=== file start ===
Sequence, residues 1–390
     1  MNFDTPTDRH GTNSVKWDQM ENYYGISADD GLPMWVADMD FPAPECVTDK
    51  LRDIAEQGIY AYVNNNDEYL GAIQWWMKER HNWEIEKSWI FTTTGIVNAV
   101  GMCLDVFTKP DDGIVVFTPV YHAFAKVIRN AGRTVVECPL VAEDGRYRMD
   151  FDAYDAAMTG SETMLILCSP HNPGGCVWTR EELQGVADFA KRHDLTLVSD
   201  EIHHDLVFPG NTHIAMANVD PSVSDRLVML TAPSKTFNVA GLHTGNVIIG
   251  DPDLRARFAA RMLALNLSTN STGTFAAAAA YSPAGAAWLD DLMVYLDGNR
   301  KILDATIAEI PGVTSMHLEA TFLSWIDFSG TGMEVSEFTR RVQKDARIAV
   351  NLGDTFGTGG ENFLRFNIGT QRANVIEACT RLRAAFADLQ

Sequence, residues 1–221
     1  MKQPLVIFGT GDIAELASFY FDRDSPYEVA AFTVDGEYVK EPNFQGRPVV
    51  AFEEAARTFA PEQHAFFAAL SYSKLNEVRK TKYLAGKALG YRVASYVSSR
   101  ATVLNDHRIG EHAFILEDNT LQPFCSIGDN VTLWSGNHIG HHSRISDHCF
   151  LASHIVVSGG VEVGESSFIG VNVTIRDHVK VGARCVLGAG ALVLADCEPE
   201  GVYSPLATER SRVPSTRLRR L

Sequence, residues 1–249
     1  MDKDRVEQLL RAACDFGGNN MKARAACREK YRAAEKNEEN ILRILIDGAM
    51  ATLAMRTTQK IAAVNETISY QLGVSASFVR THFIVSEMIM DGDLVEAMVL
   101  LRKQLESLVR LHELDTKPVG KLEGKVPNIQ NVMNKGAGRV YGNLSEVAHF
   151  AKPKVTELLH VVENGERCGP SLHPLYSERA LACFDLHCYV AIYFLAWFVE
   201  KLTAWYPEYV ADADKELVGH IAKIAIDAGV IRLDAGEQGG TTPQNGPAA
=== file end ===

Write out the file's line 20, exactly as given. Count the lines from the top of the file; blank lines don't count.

   151  AKPKVTELLH VVENGERCGP SLHPLYSERA LACFDLHCYV AIYFLAWFVE